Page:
The End of Oulipo?

The End of Oulipo? My book (co-authored with Lauren Elkin), published by Zero Books. Available everywhere. Order it from Amazon, or find it in bookstores nationwide. The End of Oulipo

Lady Chatterley’s Brother

Lady Chatterley's Brother. The first ebook in the new TQC Long Essays series, Lady Chatterley's Brothercalled “an exciting new project” by Chad Post of Open Letter and Three Percent. Why can't Nicholson Baker write about sex? And why can Javier Marias? We investigate why porn is a dead end, and why seduction paves the way for the sex writing of the future. Read an excerpt.

Available now from Amazon, Barnes & Noble, and direct from this site:


Translate This Book!

Ever wonder what English is missing? Called "a fascinating Life Perecread" by The New Yorker, Translate This Book! brings together over 40 of the top translators, publishers, and authors to tell us what books need to be published in English. Get it on Kindle.

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Group Reads

The Tunnel

Fall Read: The Tunnel by William H. Gass

A group read of the book that either "engenders awe and despair" or "[goads] the reader with obscenity and bigotry," or both. Info here. Buy the book here and support this site.

Naked Singularity

Summer Read: A Naked Singularity by Sergio De La Pava

Fans of Gaddis, Pynchon, DeLillo: A group read of the book that went from Xlibris to the University of Chicago Press. Info here. Buy the book here and support this site.

Life Perec

Life A User's Manual by Georges Perec

Starting March 2011, read the greatest novel from an experimental master. Info here. Buy the book here and support this site.

Last Samurai

Fall Read: The Last Samurai by Helen DeWitt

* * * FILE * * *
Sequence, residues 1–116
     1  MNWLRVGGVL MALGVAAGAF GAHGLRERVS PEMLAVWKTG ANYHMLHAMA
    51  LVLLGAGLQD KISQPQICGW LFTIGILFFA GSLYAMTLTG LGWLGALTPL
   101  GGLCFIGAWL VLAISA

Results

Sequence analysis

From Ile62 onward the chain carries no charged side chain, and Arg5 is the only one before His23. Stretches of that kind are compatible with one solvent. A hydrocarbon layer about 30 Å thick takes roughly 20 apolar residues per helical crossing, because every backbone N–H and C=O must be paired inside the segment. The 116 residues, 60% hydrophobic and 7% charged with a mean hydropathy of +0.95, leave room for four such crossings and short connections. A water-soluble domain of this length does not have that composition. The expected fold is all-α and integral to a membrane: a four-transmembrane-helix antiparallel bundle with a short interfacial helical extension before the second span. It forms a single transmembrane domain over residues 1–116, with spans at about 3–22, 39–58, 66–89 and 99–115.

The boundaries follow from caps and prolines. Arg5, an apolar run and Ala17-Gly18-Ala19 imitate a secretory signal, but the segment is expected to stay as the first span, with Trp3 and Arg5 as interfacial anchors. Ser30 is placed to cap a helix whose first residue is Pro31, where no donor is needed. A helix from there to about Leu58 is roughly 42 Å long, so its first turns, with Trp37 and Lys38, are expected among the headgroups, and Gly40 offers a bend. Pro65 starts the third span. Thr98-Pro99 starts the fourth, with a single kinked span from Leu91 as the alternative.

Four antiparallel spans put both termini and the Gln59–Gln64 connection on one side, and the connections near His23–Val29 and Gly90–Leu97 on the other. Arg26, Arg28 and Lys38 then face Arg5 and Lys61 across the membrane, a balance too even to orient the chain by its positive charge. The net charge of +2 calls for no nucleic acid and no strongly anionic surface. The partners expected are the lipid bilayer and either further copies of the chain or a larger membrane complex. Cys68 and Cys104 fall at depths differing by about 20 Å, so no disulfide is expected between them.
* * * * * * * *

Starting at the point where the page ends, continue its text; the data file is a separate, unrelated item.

A group read of one of the '00s most-lauded postmodern novels. Info here. Buy the book here and support this site.

Tale of Genji

The Summer of Genji

Two great online lit magazines team up to read a mammoth court drama, the world's first novel.

Your Face Tomorrow

Your Face This Spring

A 3-month read of Javier Marias' mammoth book Your Face Tomorrow

Shop though these links = Support this site


Ten Memorable Quotes from William Gaddis’ Letters

New Books
Here are ten of my favorite moments from these hugely interesting letters.


Interviews from Conversational Reading

New Books
See this page for interviews with leading authors, translators, publishers, and more.


  • A Legacy by Sybille Bedford March 15, 2015
    Sybille Bedford had the benefit—or bad fortune, however you see it—of being born into the German aristocracy in 1911. Her father was a retired lieutenant colonel and art collector from the agrarian south, from a Roman Catholic family in fiscal decline. Her mother came from a wealthy German-Jewish family from Hamburg. A widower from his first marriage, Bedfor […]
  • Reviving Antal Szerb March 15, 2015
    Antal Szerb’s lithe, lively, and wholly endearing fiction is peopled by male dreamers on spiritual journeys of self-discovery. Each one sets out on his respective mini-mission with good intentions but knows from the outset that there are only so many harsh truths he can withstand. In this respect, all Szerb’s protagonists seem to have heeded the advice of Gr […]
  • 39 Africans Walk into a Bar March 15, 2015